EFFECTIVE/PUBLICATION DATE: 11/01/89
SSR 89-8c: SECTIONS 202(d)(1), 202(g), AND 216(h)(2)(A) OF THE SOCIAL SECURITY ACT (42 U.S.C. 402(d)(1), 402(g)(1), AND 416(h)(2)(A)) RELATIONSHIP -- PRESUMPTION OF LEGITIMACY OF CHILD BORN DURING WEDLOCK -- DISAVOWAL OF PATERNITY -- LOUISIANA
20 CFR 404.354
Kenney v. Bowen, 1A Unempl. Ins. Rep. (CCH) ¶ 14,447A (E.D. of La., Feb. 29, 1988)
- The Secretary awarded mother's insurance benefits to the deceased worker's first wife and child's insurance benefits to her son and daughter on the worker's earnings record. Because of these awards, the Secretary reduced the benefits that the worker's second wife and her children had been receiving on the worker's earnings record and determined that they had been overpaid. After exhausting her administrative remedies, the second wife sought judicial review, challenging this reduction and overpayment. She contended that the first wife's son was not the worker's child. The evidence of record showed that the worker and his first wife were married on November 25, 1967, and were divorced on June 26, 1973; that the first wife's son was born on January 7, 1972; and that the worker died on July 13, 1984, while domiciled in Louisiana. Pursuant to 42 U.S.C. § 416(h)(2)(A), the district court applied the law of Louisiana to determine whether the first wife's son could inherit the worker's intestate personal property. The State law on intestate succession, which had been in effect since 1982, provided that intestate property devolves to "descendants," among others. In accordance with interpretations by the Louisiana State courts, the district court applied the Louisiana law in effect when the first wife's son was born in order to determine whether the first wife's son was the worker's descendant. Under Louisiana law in effect when the first wife's son was born, a child was presumed to be the legitimate child of his or her mother's husband at the time of the child's conception, unless the legitimacy had been successfully disavowed by that husband or his heirs in a timely court action. The district court found the evidence undisputable that the first wife's son was conceived and born during his mother's marriage to the worker. The district court also found, despite the second wife's contention to the contrary, that the worker's failure to declare his first wife's son as his child during the 1973 divorce proceeding did not constitute a disavowal of paternity. Citing prior case law, the court noted that illegitimacy must be supported by an action to disavow paternity and that legitimacy cannot be attacked in other proceedings. The second wife also submitted evidence which showed that the first wife had admitted during a child custody court proceeding that her son was not the worker's child. The court found, however, that a disavowal of paternity is an exclusive action personal to the husband and that no one, including the mother, can assert it if the husband has not done so in the manner set forth in the Louisiana Code. Because there was no evidence that the worker or his heirs had successfully pursued court action to disavow formally the legitimacy of the first wife's son under Louisiana law, the district court determined that the presumption of paternity is exclusive. The district court held that there was substantial evidence to support the Secretary's decision that the first wife's son was the worker's child. Consequently, the court further held that the first wife's son was entitled to child's benefits and the first wife was entitled to mother's benefits on the worker's earnings record.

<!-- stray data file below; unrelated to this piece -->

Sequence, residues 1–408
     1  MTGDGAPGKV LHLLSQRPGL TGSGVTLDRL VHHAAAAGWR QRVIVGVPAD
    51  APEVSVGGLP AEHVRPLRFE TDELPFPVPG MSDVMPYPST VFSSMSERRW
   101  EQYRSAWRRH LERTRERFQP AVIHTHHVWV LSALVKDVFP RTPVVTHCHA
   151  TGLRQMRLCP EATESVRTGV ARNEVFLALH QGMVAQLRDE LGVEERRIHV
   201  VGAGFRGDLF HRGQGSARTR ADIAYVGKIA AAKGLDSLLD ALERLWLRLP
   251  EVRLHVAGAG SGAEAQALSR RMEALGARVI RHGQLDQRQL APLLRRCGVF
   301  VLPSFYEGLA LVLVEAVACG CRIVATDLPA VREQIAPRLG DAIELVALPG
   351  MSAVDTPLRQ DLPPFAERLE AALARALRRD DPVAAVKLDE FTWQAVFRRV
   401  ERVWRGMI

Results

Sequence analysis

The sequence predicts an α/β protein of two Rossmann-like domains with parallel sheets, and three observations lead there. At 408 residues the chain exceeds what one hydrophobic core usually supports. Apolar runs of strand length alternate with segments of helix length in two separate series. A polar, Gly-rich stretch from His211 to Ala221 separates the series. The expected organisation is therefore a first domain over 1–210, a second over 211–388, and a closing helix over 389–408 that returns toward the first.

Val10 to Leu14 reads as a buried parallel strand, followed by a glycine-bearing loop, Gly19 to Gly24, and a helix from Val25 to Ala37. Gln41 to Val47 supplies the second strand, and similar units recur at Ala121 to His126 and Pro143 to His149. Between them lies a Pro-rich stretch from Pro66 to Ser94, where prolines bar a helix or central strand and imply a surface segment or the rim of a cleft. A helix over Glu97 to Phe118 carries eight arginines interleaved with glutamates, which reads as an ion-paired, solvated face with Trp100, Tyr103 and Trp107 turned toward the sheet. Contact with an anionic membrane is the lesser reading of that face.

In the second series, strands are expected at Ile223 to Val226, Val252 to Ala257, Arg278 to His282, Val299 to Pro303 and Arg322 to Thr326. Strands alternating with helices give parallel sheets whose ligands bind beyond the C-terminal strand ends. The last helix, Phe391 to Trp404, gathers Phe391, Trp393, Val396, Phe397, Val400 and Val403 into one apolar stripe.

SCHWARTZ, JR., District Judge:
Finding and Recommendation
Plaintiff, Bessie Kenney, brings this action pursuant to Section 205(g) of the Social Security Act, 42 U.S.C. Section 405(g), for a review of the final decision of the Secretary of Health and Human Services which found Edwin L. Kenney was entitled to child's benefits on the record of the wage earner, Gene Kenney, pursuant to Section 202(g)(1) of the Social Security Act.
On July 13, 1984, wage earner Gene Kenney passed away. Thereafter, on November 13, 1984, the deceased wage earner's second wife, Bessie Kenney, plaintiff herein, filed applications for mother's benefits and children's benefits for herself and on behalf of the couple's children. In her application, plaintiff stated that as a result of a previous marriage to Emelda Kenney, the deceased wage earner had one child, Constance Kenney. Plaintiff further stated that Emelda Kenney's second child, Edwin Kenney, was not the deceased wage earner's child even though he bore the same surname as the deceased wage earner.
On November 21, 1984, the deceased wage earner's first wife, Emelda Kenney, filed an application for child's benefits for Constance. No mention of any other child from this marriage to the deceased wage earner was made in that application. However, in a subsequent application for benefits made on June 12, 1985, Emelda Kenney stated that Edwin L. Kenney was also a child of the deceased wage earner. Those applications for benefits were granted.